“Deep rivers run quiet.”
― Hard-Boiled Wonderland and the End of the World
Bridging the Gap for Shy Students
It’s a situation that most of us are familiar with at some time in our lives. An awkward conversation, slight intimidation in the workplace, or an introverted disposition can sometimes lead many people to regard themselves as shy people. However, shyness is a considerable hurdle for many students whose assessment in the classroom is largely based on performance. Intelligence often has nothing to do with whether an individual is shy, however, many studies show that shy students score lower in class than their peers.
In a previous blog post by Planting Seeds Tutoring & Test Prep, Introverts in the Classroom: Helping Quiet Kids Succeed, we looked at how introverted students can be supported in a classroom run by extroverts. In this post, we’re going to look at how teachers, tutors, and parents can work together with chronically shy students to bring out the intelligence already nestled within.
Tips for Secondary Educators
In our previous post, we stated that “20-40% of a student’s classroom grade is attributed to class participation.” That’s a considerable amount of a student’s grade that is solely based on whether he or she is willing to speak up or raise a hand in class. Oftentimes, shy students experience deep-set anxiety over performing in front of their peers and can sabotage their own attempts at participating.
Educators and parents must take action to approach shy students on key points of behavior early on before the student succumbs to performance-based phobia, which can significantly impact his or her life.
Supporting Shy Students
Much like the introverted student (note that being shy and an introvert is not always synonymous) shy students must be allowed ample time to consider all options before answering questions in class. Creating low-risk environments in class and in group tutoring sessions can provide shy students the edge they need to boost their confidence. The Introverts in the Classroom blog mentions a few great options for teachers and tutors alike to reduce anxiety in shy students like Quality Think Time, Think-Pair-Share, and Downtime for students who do not wish to spend recess amongst their peers.
Modeling, Positive Reinforcement, and Intervention
Additional methods of combating shyness and social anxiety in the classroom are modeling, positive reinforcement, and intervention. A shy student who lacks strong communication skills will often be unable find the confidence to ask questions when he or she does not understand a lesson, and thus can fall behind. Educators and parents may need to model to a shy student what may come naturally to many of us. Social interactions are particularly difficult for shy students and they may feel unequipped to handle social interactions. If a student does not often look newcomers in the eye, then an educator or parent may need to stress eye contact with that student and model it when appropriate. Of course, methods of modeling will vary and the goal of modeling is independence.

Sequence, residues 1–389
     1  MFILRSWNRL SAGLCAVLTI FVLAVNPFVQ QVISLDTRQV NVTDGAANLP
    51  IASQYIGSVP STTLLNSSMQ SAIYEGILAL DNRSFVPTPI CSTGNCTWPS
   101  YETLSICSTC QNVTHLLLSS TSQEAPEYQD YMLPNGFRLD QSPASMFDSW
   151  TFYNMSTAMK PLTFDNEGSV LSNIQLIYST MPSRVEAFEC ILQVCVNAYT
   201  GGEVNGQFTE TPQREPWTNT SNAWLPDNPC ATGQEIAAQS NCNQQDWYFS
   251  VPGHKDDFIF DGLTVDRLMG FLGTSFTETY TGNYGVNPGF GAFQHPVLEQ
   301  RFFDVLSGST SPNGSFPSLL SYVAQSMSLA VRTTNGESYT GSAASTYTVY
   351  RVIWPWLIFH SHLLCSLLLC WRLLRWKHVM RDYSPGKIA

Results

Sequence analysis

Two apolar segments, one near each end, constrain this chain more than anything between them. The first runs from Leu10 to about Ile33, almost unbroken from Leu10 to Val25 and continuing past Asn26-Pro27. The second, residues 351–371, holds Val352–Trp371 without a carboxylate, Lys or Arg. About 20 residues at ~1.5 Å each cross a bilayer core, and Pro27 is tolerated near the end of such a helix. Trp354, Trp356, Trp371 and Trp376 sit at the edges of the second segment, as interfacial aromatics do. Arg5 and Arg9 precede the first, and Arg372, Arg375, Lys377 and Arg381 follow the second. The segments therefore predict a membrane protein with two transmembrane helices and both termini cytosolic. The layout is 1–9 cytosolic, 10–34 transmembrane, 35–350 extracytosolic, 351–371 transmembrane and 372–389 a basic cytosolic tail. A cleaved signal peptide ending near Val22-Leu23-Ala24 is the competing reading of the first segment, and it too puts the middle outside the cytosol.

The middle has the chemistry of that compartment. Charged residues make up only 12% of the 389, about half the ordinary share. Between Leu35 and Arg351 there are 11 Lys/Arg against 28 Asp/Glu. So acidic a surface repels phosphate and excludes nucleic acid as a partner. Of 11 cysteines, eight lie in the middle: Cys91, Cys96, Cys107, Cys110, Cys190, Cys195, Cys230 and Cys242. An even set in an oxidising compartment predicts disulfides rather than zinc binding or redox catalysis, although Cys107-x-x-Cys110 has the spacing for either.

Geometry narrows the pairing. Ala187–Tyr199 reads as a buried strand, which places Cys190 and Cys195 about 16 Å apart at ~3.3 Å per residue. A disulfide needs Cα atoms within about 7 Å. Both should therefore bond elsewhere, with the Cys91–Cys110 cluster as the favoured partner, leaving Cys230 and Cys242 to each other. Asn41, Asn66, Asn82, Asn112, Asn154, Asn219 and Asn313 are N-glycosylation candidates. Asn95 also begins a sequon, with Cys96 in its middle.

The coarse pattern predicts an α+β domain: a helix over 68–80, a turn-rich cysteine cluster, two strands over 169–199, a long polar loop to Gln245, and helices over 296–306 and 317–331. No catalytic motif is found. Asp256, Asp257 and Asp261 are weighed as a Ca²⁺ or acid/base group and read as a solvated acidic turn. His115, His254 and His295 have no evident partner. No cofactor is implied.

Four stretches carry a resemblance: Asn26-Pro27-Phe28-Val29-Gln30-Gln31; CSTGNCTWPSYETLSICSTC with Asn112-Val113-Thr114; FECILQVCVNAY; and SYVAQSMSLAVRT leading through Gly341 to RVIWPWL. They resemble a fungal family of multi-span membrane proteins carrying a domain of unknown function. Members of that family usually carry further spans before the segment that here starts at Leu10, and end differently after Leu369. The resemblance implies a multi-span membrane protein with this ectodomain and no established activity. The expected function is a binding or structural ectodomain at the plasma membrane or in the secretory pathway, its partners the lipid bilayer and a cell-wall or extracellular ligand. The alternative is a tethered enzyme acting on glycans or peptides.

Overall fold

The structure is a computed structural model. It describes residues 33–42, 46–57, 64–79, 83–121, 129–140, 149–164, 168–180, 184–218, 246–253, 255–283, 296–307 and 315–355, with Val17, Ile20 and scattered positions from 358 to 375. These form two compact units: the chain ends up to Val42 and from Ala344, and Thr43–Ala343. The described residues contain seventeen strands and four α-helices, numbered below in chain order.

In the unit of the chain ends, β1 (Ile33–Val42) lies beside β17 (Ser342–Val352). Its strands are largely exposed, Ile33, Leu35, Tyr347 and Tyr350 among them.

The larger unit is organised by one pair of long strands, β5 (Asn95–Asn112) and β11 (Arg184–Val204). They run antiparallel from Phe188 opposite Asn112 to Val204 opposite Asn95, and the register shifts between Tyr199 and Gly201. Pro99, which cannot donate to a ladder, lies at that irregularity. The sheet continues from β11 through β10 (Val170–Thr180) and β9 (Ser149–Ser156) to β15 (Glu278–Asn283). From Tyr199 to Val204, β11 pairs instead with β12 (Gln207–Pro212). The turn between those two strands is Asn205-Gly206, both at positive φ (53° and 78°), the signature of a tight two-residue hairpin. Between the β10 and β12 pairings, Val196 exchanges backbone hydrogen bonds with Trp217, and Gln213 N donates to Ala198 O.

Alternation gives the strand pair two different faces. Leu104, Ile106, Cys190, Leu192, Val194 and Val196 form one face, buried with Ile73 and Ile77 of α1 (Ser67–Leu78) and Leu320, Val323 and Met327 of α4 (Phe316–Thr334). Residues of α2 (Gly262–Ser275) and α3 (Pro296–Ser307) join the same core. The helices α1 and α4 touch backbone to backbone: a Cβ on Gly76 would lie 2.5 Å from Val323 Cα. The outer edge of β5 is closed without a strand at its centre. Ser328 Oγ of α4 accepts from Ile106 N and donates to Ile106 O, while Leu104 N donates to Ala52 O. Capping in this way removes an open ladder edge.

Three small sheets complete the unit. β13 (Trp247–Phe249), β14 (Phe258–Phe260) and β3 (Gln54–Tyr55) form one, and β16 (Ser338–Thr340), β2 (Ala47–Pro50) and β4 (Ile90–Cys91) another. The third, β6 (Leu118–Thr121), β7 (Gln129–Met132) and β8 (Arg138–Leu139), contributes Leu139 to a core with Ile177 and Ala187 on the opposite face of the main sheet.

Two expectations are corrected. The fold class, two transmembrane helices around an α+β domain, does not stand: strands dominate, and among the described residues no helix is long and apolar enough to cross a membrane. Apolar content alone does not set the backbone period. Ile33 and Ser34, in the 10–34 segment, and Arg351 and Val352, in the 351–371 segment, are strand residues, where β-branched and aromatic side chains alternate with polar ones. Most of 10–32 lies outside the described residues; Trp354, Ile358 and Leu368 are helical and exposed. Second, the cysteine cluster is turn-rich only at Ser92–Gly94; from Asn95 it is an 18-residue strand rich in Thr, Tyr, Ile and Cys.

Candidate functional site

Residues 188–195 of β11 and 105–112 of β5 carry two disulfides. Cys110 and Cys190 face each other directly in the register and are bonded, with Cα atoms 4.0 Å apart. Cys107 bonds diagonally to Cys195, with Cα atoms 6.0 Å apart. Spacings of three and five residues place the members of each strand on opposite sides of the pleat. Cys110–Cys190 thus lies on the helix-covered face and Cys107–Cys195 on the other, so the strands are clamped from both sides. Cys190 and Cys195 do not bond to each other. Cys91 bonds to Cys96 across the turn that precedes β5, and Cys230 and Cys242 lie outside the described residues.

Another social hurdle for shy students is seeking answers when questions arise. A shy student may not feel the confidence to speak up when he or she has a question regarding the material and quietly falls behind. Parents can reach out to teachers and request a syllabus in order to prepare their child ahead of time when new material is presented in the classroom. Schools often provide interventional strategies for students who are falling behind, and parents can work with a school’s Occupational Therapist to find out methods of intervention. That’s where a tutor also comes in handy.
Modeling in the Classroom: Elementary Students
In the video below, we see a teacher providing a low-risk situation for younger students to discuss thinking methods prior to sharing questions to the class. This is modeling in action!
At times, when a shy student does speak up, if he or she is punished for acting or speaking out of turn, then the confidence that student had will quickly deflate. Positive reinforcement is when a certain behavior performed by a child (or an adult) is rewarded, usually by an individual in an authoritative position (but not always!). This frequently appears in class when a “good job!” is shared by a teacher to a student’s awaiting ears. Teachers often use positive reinforcement to modify behaviors presented at an early age which can be detrimental to a student’s success, like shyness. If a student who is shy shares something with the class, the teacher may go out of his or her way to reinforce that behavior, increasing the likelihood that child will repeat that good social behavior. Parents and educators can work together to positively reinforce behavior that combats a student’s shyness.
Contact Planting Seeds Tutoring Today
At Planting Seeds Tutoring, an Austin, South, and Central Texas-based tutoring company, we are committed to ensuring that every student we work with has access to the most
comprehensive tools and strategies to ensure that they are well-positioned to be successful in the classroom, regardless of whether they are shy or extroverted. To learn more about the full range of services we offer, visit our blog and our website and follow us on Facebook. You can also contact Planting Seeds Tutoring with your questions at (972) 342-6496, or via email at firstname.lastname@example.org.